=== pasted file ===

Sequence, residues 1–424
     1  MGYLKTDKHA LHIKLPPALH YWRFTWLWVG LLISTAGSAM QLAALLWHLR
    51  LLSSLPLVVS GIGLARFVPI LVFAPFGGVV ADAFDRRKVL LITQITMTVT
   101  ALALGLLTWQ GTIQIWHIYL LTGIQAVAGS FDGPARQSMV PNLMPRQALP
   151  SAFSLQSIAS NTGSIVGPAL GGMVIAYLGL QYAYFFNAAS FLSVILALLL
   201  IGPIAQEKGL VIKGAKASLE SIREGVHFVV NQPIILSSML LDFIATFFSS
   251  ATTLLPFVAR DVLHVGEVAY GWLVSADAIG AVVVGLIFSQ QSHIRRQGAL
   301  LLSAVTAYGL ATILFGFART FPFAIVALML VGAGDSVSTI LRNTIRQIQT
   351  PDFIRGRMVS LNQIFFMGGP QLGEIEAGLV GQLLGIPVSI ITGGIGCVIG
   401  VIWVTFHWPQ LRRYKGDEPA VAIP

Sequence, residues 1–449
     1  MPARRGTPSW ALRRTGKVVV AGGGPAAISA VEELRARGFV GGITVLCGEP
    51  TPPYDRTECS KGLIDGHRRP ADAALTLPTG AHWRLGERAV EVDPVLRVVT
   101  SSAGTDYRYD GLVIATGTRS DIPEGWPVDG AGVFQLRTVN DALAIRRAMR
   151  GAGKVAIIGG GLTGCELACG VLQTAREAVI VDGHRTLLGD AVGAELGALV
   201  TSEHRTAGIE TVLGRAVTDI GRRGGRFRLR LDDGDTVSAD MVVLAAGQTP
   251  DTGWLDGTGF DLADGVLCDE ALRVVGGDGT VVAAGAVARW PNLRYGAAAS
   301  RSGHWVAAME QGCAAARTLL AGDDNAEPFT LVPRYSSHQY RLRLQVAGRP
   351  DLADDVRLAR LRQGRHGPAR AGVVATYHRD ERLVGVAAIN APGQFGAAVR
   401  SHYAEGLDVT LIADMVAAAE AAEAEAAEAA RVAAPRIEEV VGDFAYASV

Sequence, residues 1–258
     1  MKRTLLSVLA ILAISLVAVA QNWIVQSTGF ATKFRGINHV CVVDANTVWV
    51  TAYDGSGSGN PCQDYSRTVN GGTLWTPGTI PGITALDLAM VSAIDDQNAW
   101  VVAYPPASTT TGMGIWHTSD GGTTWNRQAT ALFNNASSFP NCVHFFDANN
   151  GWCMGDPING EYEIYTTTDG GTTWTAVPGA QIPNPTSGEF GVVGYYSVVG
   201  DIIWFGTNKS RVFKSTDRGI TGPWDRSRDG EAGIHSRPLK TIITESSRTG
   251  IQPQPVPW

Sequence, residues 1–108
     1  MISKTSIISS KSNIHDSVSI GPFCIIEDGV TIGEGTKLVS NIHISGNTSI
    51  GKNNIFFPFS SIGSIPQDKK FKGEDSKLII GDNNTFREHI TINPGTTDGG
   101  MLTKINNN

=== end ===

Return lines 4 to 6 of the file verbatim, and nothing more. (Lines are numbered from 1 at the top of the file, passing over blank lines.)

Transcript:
   101  ALALGLLTWQ GTIQIWHIYL LTGIQAVAGS FDGPARQSMV PNLMPRQALP
   151  SAFSLQSIAS NTGSIVGPAL GGMVIAYLGL QYAYFFNAAS FLSVILALLL
   201  IGPIAQEKGL VIKGAKASLE SIREGVHFVV NQPIILSSML LDFIATFFSS